So having had the luck, and perhaps some would say curse, of moving around the country during my childhood and now adulthood I am left wondering what I am best suited to; town or country. Now being in a position where I get to enjoy both simultaneously I might just be able to find the answer.
London is great, arguably the best city in the world and a kaleidoscope of cultures, lives and stories. I wake up every morning in leafy Barnes in South West London with a myriad of very expensive 4x4s parked on the road outside, a plethora of basement excavations and loft conversions being carried out at any given time and the need for an expensive blow dry just to walk to the middle class bakery of choice Gail’s. But it’s home and it feels like home. I first lived here 10 years ago and fell in love with the way the Thames meanders through the village , the 5am wake up call of the first plane descending towards Heathrow and the very convenient 23 minute train journey from Barnes Bridge to the metropolis that is Waterloo and the City beyond. It is a bubble of middle class and upper class life in modern day Britain. A snapshot of those who have succeeded in life and the lives that this affords. It is testament to what happens when you work hard, invest in the right property at the right time and end up with three kids at private school, posh wellies, a slobbering Labrador or two and a set of Range Rover keys on the hallway table. It is leafy and very slightly ‘Surrey’ but you have the convenience of being able to book an Uber, order a Deliveroo and walk to cafes and shops with everything you need.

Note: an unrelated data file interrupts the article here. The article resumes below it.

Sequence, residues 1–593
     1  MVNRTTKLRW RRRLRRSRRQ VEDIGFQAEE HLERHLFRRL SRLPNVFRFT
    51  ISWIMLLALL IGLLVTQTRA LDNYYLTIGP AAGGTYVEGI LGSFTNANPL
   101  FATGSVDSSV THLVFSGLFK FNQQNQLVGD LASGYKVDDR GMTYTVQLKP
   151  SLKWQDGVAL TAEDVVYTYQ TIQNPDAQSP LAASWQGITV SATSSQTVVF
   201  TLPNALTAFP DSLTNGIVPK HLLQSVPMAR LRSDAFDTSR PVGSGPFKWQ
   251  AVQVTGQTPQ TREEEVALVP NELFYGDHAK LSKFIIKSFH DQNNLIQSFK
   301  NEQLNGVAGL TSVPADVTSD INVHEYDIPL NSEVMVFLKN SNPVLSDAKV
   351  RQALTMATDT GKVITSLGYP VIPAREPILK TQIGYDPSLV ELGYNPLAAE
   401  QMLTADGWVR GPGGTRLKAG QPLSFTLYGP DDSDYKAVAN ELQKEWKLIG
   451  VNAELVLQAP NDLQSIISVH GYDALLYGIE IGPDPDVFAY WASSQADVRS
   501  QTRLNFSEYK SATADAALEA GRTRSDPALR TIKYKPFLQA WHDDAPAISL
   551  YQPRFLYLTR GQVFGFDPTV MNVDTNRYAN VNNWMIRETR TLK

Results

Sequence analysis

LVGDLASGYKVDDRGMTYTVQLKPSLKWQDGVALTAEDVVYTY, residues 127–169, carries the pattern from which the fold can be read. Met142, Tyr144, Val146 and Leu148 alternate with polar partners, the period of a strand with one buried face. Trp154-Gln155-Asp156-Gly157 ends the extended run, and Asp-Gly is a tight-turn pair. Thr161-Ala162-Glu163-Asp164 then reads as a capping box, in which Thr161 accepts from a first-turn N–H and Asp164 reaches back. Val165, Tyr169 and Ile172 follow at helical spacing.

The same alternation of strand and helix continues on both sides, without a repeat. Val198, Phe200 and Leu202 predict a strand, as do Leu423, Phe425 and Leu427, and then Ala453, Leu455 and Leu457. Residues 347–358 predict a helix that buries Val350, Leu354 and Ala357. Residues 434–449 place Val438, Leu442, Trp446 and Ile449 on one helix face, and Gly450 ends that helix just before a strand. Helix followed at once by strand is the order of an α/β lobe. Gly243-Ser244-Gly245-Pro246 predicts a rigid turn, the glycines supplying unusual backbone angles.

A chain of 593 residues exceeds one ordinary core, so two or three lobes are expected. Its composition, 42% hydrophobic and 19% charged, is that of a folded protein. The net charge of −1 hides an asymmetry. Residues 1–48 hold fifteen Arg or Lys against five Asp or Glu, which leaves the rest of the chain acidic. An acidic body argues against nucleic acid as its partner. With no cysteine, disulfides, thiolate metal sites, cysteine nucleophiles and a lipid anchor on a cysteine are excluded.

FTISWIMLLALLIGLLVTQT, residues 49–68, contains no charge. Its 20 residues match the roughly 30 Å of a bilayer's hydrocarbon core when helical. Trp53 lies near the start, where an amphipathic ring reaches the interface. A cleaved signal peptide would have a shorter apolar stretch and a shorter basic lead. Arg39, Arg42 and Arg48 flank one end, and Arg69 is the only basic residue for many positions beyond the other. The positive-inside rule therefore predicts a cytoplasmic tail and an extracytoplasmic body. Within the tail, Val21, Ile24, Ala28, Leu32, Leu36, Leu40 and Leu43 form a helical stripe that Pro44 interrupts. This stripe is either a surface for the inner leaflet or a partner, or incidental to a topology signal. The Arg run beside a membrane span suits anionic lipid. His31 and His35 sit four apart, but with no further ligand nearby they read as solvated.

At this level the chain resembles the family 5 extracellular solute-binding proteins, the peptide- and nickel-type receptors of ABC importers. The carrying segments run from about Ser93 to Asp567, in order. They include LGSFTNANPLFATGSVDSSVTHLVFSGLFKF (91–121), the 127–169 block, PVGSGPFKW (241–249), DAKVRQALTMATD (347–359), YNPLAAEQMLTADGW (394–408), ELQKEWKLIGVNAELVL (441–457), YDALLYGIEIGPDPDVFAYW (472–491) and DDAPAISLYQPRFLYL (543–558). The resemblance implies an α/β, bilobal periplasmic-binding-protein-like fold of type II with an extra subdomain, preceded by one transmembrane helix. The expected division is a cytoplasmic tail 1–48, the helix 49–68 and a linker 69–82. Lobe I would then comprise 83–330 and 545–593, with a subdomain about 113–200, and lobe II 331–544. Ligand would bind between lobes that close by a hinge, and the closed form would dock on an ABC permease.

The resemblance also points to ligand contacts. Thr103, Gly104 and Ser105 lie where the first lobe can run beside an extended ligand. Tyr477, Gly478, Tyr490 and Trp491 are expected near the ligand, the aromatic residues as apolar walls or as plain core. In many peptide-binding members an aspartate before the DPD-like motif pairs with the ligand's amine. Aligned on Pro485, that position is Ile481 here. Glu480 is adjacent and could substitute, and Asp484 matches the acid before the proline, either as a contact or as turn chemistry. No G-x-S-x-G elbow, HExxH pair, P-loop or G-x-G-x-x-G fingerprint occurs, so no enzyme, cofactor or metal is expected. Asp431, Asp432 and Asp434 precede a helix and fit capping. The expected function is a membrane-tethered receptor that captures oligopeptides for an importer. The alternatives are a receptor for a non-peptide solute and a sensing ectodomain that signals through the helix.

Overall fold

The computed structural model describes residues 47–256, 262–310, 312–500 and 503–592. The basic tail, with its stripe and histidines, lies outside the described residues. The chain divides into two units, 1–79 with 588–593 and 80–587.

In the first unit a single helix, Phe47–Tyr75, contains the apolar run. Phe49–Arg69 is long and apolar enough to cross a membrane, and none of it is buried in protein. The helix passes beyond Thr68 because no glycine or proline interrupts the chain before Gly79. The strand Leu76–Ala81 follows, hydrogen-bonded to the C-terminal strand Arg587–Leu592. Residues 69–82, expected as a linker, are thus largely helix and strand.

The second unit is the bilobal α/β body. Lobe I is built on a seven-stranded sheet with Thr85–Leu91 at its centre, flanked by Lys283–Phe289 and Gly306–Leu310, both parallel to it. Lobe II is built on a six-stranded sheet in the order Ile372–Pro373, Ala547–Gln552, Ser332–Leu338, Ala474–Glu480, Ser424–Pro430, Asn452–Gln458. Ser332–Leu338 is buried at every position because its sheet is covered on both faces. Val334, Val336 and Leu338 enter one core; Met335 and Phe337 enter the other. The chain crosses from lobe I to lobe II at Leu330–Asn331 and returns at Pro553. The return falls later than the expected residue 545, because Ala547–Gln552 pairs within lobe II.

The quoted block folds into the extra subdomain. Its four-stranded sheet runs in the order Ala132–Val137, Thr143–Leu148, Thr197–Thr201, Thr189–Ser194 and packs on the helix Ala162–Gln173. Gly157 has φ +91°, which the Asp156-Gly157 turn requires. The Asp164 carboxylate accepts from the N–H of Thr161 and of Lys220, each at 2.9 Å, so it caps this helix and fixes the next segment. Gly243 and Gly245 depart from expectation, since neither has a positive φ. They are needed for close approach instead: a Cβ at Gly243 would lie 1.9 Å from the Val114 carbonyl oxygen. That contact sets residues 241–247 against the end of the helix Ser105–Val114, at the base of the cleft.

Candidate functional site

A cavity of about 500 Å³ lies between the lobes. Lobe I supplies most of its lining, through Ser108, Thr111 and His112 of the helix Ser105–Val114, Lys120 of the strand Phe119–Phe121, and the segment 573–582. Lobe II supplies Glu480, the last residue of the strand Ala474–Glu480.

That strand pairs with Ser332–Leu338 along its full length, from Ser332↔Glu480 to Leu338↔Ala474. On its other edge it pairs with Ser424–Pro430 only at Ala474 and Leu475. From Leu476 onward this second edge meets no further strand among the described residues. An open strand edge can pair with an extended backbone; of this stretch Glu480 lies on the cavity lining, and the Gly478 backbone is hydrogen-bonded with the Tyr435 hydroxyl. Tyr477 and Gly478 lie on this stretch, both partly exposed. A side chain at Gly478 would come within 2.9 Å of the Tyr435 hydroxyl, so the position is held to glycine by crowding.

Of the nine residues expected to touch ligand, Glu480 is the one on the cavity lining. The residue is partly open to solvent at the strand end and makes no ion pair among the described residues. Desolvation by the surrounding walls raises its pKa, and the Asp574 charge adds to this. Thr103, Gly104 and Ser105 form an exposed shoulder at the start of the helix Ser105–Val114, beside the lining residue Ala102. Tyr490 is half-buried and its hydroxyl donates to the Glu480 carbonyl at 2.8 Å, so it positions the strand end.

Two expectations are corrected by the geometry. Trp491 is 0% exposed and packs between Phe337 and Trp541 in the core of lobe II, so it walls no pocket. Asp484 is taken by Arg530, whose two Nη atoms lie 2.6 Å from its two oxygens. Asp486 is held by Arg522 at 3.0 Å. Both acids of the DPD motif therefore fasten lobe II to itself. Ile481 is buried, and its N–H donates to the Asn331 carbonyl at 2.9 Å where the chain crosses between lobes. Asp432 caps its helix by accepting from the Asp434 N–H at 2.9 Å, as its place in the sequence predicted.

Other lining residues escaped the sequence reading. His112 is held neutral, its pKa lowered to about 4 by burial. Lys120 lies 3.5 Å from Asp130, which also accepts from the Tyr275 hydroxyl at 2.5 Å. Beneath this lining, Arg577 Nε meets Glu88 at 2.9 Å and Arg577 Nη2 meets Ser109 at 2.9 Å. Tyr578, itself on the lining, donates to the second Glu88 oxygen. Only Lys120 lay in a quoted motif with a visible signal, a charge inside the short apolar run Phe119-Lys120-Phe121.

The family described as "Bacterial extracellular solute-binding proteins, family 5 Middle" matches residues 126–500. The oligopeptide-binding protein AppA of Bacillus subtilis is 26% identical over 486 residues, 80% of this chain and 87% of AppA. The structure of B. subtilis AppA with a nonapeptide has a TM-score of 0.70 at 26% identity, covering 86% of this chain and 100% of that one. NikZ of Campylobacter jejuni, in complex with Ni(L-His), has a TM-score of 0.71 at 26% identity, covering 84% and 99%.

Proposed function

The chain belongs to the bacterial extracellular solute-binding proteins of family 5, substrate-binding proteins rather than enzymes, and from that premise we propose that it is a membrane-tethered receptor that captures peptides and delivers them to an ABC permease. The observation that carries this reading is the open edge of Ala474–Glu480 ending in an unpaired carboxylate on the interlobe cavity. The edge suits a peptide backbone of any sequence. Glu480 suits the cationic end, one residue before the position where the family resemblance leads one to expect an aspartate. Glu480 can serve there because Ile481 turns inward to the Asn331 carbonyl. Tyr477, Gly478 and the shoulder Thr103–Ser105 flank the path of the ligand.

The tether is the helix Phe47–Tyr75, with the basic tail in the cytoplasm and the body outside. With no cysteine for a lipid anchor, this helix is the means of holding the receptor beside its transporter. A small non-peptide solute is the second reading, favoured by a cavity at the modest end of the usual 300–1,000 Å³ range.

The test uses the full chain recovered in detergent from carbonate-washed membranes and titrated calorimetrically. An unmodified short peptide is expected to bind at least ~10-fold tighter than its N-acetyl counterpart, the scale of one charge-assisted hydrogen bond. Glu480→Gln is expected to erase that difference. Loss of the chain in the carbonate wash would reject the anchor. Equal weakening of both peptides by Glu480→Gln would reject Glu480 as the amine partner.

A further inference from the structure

But the South Circular is best avoided at most times of the day, the house might be expensively and tastefully furnished and loved but it is a terrace with a small garden and the pain of having no parking space outside your front door when you get home from Waitrose with bags of shopping in the pouring rain. There is the constant challenge to be keeping up with the Joneses, to be making sure Arabella and Ptolemy are attending the correct variety of extra curricular activities and the 12 or more hours a day your spouse works just to be able to afford the mortgage. I do wonder if many of the people I pass on my way to the 6.31am train are happy and satisfied with the way their lives have turned out. Do the positives really outweigh the negatives?
On most Saturday mornings I get to wake up, jump in my car and head west along the M4 to a place called Ledbury in Herefordshire. First you pass the junction with the M25 and you start to breath a little more easy, Reading goes by and then it’s like you have left the hustle and bustle of your busy life behind. Things slow down, everything seems more relaxed, the sky seems bigger with more space for life. Along the A417 I gradually pass by all the Range Rovers coming from my part of London as they descend on their second homes in the chocolate box Cotswolds. Yes this is the country but it can have the feel of just a ‘country’ version of London. As I head north and west the countryside really opens up and the moment I cross the border into the other place I call home everything changes. Herefordshire is sparse, beautiful and like no other county I have been to. The red clay soil, the precise lines of apple trees in the cider orchards and the sight of a field of Hereford cows. There is no smog here, there are no planes flying over and at night you can see the stars and hear nothing but silence.
But unless you are in a town you will be lucky to get 3G let alone 4G, broadband is slow, people drive slow and at harvest time forget gettting anywhere in a hurry. You have to get in your car and drive if you want something as simple as a pint of milk. Life is not so convenient, it is not quite so easy. I do wonder if this is mentally and emotionally a better way to live? Is it a better place for children to grow up and retain some of their innocence before they enter their teen years and the not so great world of social media? Or is it old fashioned and very slightly backward?
I don’t have the answers to my questions, perhaps I never will. What works for one is not the same for someone else. All I can do is enjoy both, live both to the fullest and hope that my stories and experiences strike a cord with all who come across this blog.